Sunday, 30 June 2012
Lumpia Rolls (Pork and Vegetable Rolls)
Well the appetizer was bound to be popular with the boys, they love spring rolls, and that’s pretty much what these are – with a pit of pork as well.
And on the plus side these are baked, not deep fried, so they’re a little healthier as well. Filipino Lumpia Rolls do have their origin in Chinese spring rolls, and are served with a dipping sauce I can only describe as “sweet and sour”. I’m assuming it is a sweet and sour sauce as I’ve never known the recipe . Vinegar, brown sugar and spices – it was just perfect – I think I’ll be borrowing it to use in other dishes in future.
Sam loves Chinese sweet and sour pork, so these were a hit with him – Ryan is not big on sauce, so he had his plain. He wasn’t keen to try them to start with, but once we got him to take a bit “I love this!” So all good there.
Sam’s Rating: 10/10
Ryan’s Rating: 110/110
Pan De Sal (Salt Bread)
Lomi Soup (Shrimp and Fish Egg Noodle Soup)
Ahh… bread… so many different types of different breads from so many cultures around the world – and it’s pretty much the one thing that’s 100% guaranteed the boys will love (wait ’til you read Ryan’s rating on this one.)
Pan de Sal is historically originally from Spain, but has been adopted by the Phillipines and is one of its most popular national breads. Pan de Sal are small bread rolls, the sticky dough is rolled in breadcrumbs, packed tightly into a pan so they keep their shape, left to rise in the pan and then baked until golden. And again success on the bread front, they turned out perfectly, and although I made 20 buns the kids finished them all off – with Ryan “winning” by having six!
I’d made the bread so we could have it with the Lomi soup, which looked interesting, and tasty, and it was! Lomi had a few ingredients that I though might be difficult to find; bamboo shoots, fish balls, shrimp stock cubes, and lastly bok choy which isn’t hard to find at all.
Sam was a great help at the asian supermarket, searching for the ingredients. The only tricky ingredient was the shrimp stock, but I found some 2-minute-type noodles with shrimp stock sachets, and it was close enough that it would have to do.
The boys weren’t too keen on the soup, but they did dip/soak their bread in it rathe than eat it, so I suppose that’s a half win. Chicken noodle is normally the only soup Ryan will touch.
As of the adults, we loved this, and I made heaps – so just as well! We had it for the next couple of days for lunch – just the thing on these cold, wet days.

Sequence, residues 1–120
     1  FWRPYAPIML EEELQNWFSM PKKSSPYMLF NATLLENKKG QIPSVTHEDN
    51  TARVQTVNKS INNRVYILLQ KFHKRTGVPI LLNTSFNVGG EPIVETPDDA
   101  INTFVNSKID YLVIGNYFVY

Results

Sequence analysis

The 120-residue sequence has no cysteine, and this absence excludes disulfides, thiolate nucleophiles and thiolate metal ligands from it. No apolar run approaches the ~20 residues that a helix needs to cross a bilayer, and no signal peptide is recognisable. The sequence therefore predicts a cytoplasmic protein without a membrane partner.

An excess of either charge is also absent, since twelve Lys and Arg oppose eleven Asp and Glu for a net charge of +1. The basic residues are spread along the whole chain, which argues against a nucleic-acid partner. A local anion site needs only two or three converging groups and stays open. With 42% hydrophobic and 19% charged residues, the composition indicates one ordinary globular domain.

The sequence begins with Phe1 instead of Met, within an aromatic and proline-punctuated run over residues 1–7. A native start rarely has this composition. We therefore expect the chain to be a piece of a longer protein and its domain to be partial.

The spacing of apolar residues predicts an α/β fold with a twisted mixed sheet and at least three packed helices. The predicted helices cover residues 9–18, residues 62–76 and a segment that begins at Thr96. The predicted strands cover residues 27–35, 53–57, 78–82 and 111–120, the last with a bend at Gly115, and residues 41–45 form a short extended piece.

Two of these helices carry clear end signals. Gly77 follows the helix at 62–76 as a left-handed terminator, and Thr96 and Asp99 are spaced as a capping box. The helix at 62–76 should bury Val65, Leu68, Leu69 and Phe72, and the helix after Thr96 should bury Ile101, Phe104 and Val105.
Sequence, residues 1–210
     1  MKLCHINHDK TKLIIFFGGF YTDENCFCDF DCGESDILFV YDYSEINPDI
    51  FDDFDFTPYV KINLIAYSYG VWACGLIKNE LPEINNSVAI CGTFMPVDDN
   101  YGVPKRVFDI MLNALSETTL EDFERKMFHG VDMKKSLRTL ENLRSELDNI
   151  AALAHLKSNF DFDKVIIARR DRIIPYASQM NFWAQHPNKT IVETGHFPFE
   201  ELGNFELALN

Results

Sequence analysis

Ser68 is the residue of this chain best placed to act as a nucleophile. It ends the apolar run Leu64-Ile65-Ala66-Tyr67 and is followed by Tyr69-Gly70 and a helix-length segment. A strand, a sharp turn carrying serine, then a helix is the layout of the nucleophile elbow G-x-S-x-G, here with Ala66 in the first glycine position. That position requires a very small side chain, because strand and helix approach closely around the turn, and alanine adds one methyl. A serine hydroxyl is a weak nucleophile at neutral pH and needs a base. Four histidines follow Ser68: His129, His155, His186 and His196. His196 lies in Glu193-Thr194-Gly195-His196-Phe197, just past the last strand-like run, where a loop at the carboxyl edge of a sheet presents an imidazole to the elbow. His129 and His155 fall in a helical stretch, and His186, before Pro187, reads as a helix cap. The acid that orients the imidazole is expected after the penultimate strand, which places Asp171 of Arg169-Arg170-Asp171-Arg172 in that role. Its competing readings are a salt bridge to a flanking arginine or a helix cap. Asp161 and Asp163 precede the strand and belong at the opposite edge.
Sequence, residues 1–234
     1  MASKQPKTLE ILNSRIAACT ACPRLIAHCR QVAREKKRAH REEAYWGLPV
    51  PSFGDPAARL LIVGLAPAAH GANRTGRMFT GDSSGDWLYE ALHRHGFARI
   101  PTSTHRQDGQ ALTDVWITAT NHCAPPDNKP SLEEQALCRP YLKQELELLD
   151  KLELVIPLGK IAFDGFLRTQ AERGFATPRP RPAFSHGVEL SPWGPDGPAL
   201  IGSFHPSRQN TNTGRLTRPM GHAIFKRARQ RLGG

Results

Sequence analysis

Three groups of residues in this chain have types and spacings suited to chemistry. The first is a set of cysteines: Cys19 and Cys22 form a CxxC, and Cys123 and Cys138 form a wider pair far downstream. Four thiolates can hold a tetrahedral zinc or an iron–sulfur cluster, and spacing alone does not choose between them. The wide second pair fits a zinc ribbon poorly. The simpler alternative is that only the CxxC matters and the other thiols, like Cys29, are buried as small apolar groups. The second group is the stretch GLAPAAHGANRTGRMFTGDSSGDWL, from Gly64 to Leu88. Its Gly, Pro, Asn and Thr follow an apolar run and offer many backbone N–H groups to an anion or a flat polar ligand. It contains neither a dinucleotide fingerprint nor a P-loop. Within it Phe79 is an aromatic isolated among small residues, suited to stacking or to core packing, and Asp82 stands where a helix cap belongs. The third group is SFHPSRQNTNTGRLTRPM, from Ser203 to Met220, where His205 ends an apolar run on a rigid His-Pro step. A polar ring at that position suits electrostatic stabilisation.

PAN DE SAL BREAD
Ryan’s Rating: Infinity/Infinity, no wait… Dad, what’s that google number? Googleplex/Googleplex!
Sam’s Rating: 100/100
Ryan’s Rating: 5/10
Sam’s Rating: 6/10
Sapin Sapin (Layered coconut, ube, rice pudding, topped with latik)
The dough for this recipe was similar to the klepon cakes we made for Indonesia night, but the end result was quite different. The keplon balls were boiled, and the sap in sap in is steamed.
Basically the sweet, coconut and sticky rice dough is made into a runny batter, then divided into three, one third left plain, the other colored yellow (sometimes with yellow yams, sometimes just with colouring), and the last third is mixed with ube.
Now this ube stuff – Sam was really keen on this dessert from the photos he had seen “we just have to make it Dad!” Ube was going to be the problem, I had to do some research. So I finally came across a good description of it as a sweet purple yam, now yams as I have discovered (last week in fact) are something totally different in New Zealand, we call them by their indigenous Maori name – Kumara – Kumara come in gold, yellow, red, and purple… so once I had that figured out – I was confident we would be able to make this reasonably authentically.
I’ll be honest I made this twice, the first time was not too successful, I figured the ratio of dry to wet ingredients need to be tweaked a bit from the recipe I had to achieve the desired consistency when steamed. The first one, following the recipe as it was, needed to be cooked for twice as long and was still overly sticky and “gloopy”. So I adjusted and tried again, with much better results, and you’re only going to get to see attempt #2’s photos. Although the first one tasted fine, it was a little ugly to serve up, not as nicely defined color boundaries then got messed up when slicing it.
It is topped with something called Latik, which is coconut milk, cooked in a fry pan until golden, it’s like a mild sugar when finished, sweet, but not overly so, and crunchy too!
Sam was coming down with something on Sunday night and after the soup he asked to go to bed, he was starting to run a temperature, and has been crook all week, so he never got to try the dessert, his stomach just wasn’t up to it, which is a pity.
Ryan however did try it, but again I think it is a case of it being a subtle sweet, when their tastebuds are used to wested super sweet, so he wasn’t that keen, which was okay, at least he tried it. Which meant I got seconds!
Strange sticky texture, but nice, and you can’t go wrong with those cool looking colors, which appear to change in order depending on where you are in the Phillipines, a national dessert with regional differences.
Ryan’s Rating: 6/10
Sam’s Rating: 5/10 (He didn’t taste it – but insisted I record him as giving it 5 out of 10….)